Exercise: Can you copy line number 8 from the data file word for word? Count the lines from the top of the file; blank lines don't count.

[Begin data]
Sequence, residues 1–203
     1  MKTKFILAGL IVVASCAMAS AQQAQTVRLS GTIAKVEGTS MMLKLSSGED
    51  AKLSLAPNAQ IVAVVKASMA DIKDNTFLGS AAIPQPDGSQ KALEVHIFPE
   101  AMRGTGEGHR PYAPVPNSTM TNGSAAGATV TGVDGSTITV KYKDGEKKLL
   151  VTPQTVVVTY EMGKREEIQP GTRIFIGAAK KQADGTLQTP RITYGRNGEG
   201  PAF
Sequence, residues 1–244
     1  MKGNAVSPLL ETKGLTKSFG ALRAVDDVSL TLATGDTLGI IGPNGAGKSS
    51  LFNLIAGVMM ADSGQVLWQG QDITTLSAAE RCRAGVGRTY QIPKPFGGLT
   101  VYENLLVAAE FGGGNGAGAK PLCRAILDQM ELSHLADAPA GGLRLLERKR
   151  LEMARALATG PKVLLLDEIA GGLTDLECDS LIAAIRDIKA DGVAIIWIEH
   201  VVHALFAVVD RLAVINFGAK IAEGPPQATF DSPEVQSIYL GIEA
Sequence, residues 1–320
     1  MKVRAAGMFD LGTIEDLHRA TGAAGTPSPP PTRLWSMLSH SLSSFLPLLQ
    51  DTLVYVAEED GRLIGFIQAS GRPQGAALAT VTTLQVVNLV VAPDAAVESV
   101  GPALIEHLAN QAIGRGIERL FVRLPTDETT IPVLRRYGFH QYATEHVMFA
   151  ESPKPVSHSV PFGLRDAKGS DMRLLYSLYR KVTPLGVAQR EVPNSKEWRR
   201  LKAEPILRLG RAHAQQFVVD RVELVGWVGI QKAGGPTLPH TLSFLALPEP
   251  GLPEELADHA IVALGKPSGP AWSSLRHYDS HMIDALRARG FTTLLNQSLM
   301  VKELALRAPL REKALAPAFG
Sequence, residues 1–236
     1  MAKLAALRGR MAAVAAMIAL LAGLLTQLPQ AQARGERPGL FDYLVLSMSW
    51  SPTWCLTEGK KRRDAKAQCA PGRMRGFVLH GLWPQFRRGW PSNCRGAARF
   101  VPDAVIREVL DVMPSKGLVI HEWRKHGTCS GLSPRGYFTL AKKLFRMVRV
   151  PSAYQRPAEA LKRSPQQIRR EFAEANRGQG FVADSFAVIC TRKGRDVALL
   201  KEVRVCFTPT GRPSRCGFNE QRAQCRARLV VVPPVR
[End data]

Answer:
     1  MKGNAVSPLL ETKGLTKSFG ALRAVDDVSL TLATGDTLGI IGPNGAGKSS